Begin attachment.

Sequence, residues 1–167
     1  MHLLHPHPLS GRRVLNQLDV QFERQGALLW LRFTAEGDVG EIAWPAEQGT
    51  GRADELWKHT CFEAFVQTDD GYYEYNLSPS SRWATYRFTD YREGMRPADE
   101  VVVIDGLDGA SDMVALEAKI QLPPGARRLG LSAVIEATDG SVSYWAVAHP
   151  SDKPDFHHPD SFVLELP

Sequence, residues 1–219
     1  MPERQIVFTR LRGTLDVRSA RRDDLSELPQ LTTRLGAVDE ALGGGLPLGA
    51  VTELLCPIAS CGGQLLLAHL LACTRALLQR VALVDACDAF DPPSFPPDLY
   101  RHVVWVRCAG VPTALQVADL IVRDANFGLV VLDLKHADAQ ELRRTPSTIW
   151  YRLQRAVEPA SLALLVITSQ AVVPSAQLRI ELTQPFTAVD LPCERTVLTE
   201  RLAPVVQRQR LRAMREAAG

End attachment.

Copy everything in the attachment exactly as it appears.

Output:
Sequence, residues 1–167
     1  MHLLHPHPLS GRRVLNQLDV QFERQGALLW LRFTAEGDVG EIAWPAEQGT
    51  GRADELWKHT CFEAFVQTDD GYYEYNLSPS SRWATYRFTD YREGMRPADE
   101  VVVIDGLDGA SDMVALEAKI QLPPGARRLG LSAVIEATDG SVSYWAVAHP
   151  SDKPDFHHPD SFVLELP

Sequence, residues 1–219
     1  MPERQIVFTR LRGTLDVRSA RRDDLSELPQ LTTRLGAVDE ALGGGLPLGA
    51  VTELLCPIAS CGGQLLLAHL LACTRALLQR VALVDACDAF DPPSFPPDLY
   101  RHVVWVRCAG VPTALQVADL IVRDANFGLV VLDLKHADAQ ELRRTPSTIW
   151  YRLQRAVEPA SLALLVITSQ AVVPSAQLRI ELTQPFTAVD LPCERTVLTE
   201  RLAPVVQRQR LRAMREAAG